“We don’t return punts. On kickoffs, we line up with our hands team. We don’t practice kickoff returns. Here’s a stat that I love to get out in the media. We’re 136-5 when we recover an onside kick in a game. When other teams hear that, what do you think they do? They practice onside kicks all week. I get them to spend 30 minutes of practice time when they’re not practicing something else. Analytics can’t measure that. I have to assign some variable to psychology and emotion. I’m sure we score more often when we recover an onside kick than when we just start with the same field position.”
Have you seen other coaches in your area follow your lead and stop punting?
“People find reasons not to do things rather than reasons to do things. There’s risk aversion. If you’re a coach and losing the conventional way, you might get an extra year or two to turn it around. If you lose my way, you’ll be fired quickly. The desire to keep the job longer overcomes the knowledge that in the big picture, you’re going to win more games. This can work at all levels. Football is football. I’ve used analytics from high school and college. The thing that wins you more games than any other stat is 20-plus yard plays. We incorporated more deep shots and some rugby-style plays with laterals. The second stat is turnovers, which everybody knows. The third is sacks. Why is that? That’s what I wanted to find out. How can we create more sacks on defense and eliminate the sacks on offense? We’re a 70% passing team. I tell my defensive coordinator, I’m not going to be mad if we give up big plays because we’re blitzing every down. I WILL be mad if we’re getting picked apart because we’re playing too conservatively. Sacks are drive-killers at every level.
“When you try to implement something, you look for reasons to do it. I analyze all games. We scored touchdowns at an 88% rate. That’s a really high number. When we got sacked, it went down to 8%. That’s a drive-killer, and you can’t overcome it for many reasons. The play-calling changes. Your mindset changes. I’m looking for reasons to do things rather than reasons to say no. There’s an answer for everything we do. I don’t care if you’re the worst team ever, there’s an answer of something you can be doing to win more games. I don’t want to go, ‘I can’t find an answer.’ Psychologically, people look for reasons to quit rather than keep going.”
Bill Belichick called you one of the best high school coaches out there this season. How did that relationship come about?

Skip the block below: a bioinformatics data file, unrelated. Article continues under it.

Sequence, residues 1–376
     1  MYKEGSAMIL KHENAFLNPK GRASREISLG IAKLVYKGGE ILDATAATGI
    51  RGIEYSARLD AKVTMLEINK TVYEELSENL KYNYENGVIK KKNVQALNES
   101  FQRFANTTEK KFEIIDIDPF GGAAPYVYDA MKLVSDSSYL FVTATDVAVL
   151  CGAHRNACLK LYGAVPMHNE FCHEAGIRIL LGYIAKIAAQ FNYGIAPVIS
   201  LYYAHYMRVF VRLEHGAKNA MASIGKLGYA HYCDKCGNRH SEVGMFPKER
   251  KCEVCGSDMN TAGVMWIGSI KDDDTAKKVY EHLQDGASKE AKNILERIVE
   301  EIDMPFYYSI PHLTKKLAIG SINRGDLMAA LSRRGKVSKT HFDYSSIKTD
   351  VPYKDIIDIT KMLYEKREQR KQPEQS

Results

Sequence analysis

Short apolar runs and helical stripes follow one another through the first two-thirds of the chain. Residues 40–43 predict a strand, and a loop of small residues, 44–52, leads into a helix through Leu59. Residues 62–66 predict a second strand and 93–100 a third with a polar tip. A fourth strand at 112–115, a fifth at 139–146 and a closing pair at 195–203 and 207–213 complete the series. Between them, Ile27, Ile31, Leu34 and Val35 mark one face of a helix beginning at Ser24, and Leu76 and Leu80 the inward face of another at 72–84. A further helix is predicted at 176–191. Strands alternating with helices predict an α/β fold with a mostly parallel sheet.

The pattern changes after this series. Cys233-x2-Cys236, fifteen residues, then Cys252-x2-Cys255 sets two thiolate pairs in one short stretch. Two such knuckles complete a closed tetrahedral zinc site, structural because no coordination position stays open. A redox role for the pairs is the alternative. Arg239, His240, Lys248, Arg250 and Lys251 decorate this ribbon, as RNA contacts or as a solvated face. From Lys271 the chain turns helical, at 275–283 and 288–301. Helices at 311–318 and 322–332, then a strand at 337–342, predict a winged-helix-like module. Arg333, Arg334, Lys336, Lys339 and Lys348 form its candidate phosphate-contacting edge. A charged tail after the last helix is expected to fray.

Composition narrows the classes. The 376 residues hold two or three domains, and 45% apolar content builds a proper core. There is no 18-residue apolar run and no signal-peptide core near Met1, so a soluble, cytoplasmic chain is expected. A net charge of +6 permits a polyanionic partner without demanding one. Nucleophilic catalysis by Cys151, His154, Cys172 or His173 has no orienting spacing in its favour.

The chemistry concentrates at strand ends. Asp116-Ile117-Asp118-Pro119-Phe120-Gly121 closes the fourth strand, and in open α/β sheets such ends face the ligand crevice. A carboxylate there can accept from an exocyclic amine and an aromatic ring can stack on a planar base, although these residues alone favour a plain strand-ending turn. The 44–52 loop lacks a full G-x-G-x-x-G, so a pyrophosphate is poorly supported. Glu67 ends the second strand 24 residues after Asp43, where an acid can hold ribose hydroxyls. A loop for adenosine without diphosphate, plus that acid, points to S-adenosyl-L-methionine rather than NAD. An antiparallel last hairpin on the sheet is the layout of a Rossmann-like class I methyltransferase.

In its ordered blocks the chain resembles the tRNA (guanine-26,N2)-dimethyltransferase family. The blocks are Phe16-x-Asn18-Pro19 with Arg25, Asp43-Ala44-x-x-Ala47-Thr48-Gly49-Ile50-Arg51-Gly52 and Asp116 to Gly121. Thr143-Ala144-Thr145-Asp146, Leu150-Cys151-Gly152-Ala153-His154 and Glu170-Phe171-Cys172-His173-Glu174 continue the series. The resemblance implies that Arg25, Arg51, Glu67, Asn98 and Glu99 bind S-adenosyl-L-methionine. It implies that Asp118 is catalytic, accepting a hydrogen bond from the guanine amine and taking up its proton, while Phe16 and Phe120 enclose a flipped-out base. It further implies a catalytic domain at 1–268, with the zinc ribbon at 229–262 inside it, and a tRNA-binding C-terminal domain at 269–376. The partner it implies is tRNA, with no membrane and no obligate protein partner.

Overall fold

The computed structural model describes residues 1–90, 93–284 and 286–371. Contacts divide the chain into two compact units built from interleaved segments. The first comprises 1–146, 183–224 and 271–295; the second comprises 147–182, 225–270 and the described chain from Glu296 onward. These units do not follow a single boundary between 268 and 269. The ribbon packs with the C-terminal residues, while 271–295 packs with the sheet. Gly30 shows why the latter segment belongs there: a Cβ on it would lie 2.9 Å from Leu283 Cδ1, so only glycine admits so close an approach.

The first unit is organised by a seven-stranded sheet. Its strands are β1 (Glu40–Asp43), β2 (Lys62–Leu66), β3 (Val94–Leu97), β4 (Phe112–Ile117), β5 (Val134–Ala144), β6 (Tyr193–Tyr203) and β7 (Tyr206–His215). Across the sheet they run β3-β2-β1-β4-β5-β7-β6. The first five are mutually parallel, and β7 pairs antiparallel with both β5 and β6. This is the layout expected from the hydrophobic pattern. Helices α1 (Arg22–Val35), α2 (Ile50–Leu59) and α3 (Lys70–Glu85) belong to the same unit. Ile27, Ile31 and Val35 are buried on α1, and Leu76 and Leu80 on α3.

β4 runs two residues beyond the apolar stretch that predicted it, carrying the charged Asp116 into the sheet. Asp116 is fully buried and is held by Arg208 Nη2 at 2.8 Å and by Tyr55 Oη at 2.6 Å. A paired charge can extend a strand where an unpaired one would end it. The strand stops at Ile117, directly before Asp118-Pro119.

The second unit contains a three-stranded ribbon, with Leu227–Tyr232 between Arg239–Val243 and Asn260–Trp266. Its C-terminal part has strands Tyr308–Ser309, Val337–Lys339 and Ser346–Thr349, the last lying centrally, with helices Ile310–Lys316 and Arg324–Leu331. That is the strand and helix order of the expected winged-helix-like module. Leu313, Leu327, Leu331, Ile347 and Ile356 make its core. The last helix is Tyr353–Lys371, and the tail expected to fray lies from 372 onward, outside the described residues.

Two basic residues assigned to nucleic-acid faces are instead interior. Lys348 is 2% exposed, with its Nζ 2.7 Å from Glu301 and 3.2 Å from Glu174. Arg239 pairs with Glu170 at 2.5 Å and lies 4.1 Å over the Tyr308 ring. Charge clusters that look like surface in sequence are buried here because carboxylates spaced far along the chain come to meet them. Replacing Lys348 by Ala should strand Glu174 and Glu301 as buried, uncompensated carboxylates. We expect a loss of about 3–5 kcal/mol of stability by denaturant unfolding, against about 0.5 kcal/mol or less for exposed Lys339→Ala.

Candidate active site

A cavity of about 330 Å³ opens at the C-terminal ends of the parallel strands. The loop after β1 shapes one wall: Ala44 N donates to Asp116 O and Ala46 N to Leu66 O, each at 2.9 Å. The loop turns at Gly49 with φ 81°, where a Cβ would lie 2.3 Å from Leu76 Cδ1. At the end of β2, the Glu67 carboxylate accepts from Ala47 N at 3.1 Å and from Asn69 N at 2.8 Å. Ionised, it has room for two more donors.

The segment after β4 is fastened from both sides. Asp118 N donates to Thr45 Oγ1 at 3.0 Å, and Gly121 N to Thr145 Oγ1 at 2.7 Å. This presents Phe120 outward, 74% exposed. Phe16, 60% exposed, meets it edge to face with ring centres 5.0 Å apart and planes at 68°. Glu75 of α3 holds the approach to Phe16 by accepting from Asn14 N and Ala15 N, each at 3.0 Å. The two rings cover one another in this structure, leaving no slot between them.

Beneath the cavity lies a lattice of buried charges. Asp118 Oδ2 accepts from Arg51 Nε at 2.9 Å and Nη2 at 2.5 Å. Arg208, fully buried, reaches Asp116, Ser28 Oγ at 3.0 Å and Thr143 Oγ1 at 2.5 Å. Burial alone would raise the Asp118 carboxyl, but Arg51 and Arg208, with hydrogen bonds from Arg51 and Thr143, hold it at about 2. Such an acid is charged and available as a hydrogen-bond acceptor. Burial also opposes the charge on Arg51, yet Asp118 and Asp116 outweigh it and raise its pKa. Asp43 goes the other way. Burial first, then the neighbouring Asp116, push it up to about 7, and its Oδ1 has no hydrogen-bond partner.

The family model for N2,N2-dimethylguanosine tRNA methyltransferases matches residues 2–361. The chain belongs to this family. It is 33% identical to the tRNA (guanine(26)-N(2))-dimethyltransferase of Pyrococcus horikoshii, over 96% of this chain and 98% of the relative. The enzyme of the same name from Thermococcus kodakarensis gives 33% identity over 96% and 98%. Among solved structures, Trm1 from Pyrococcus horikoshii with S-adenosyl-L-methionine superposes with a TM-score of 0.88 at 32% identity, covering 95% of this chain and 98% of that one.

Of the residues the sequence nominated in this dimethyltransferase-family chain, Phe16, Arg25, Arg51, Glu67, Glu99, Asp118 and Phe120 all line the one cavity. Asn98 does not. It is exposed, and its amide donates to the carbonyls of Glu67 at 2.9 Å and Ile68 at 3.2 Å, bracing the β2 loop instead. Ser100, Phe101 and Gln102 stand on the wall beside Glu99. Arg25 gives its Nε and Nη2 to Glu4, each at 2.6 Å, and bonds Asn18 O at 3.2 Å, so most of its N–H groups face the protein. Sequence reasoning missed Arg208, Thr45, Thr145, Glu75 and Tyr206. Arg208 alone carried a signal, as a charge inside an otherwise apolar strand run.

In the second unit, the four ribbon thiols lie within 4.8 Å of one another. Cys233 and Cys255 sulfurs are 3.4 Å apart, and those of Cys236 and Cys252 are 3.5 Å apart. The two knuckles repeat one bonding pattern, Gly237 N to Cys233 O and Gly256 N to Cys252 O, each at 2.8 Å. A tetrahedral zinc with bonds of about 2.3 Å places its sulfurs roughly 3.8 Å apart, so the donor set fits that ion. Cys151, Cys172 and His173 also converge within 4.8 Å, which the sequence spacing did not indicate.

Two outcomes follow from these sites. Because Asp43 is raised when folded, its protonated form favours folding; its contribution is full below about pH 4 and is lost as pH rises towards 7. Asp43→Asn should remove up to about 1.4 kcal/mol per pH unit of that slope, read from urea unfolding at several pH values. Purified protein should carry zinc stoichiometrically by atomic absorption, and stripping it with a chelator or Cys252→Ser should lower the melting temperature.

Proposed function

“I was speaking at an analytics group at Notre Dame several years ago. The Patriots were playing Sunday Night Football against Indianapolis. Somebody I knew said, ‘Come down and watch the game. You can meet him after the game.’ That was pretty casual, and he met with my son, Zack, for about a half hour on the field. At the end of it, he said, ‘Hey — If you ever want to come up and visit us, do it.’ People say that all the time, and they don’t mean it. I thought about it for years but never made the call. Finally, my son said, ‘He said we could come up. Call him.’ I did, and all of the sudden, we’re going up there every year. I found out that if Coach Belichick says it, he means it.”
It seems like Coach Belichick is interested in anyone and anything that helps his team win?
“I think we all are. I saw a post from someone I follow on Twitter the other day. It said something like, ‘If you’re a coach who cares about winning championships, then you’re not my kind of coach.’ I follow a lot of coaches that motivate me. Kurt Hines in California is one them who does a great job. But I didn’t understand this post. You talk about the (softening) of America. It’s gotten to a point that people are afraid to say they want to win. That’s become a bad thing. I always want to win. I’m not afraid to say it. I love winning championships. Everything feels better for nine months after we win a championship. I understand that we have a responsibility to make better men, but that doesn’t have to come at the expense of winning. We played a team this year with 11 Division 1 commits. We didn’t have a single D1 player. We found a way to win. That’s the whole idea of sports. We always want to win, and we’re not afraid to say it.’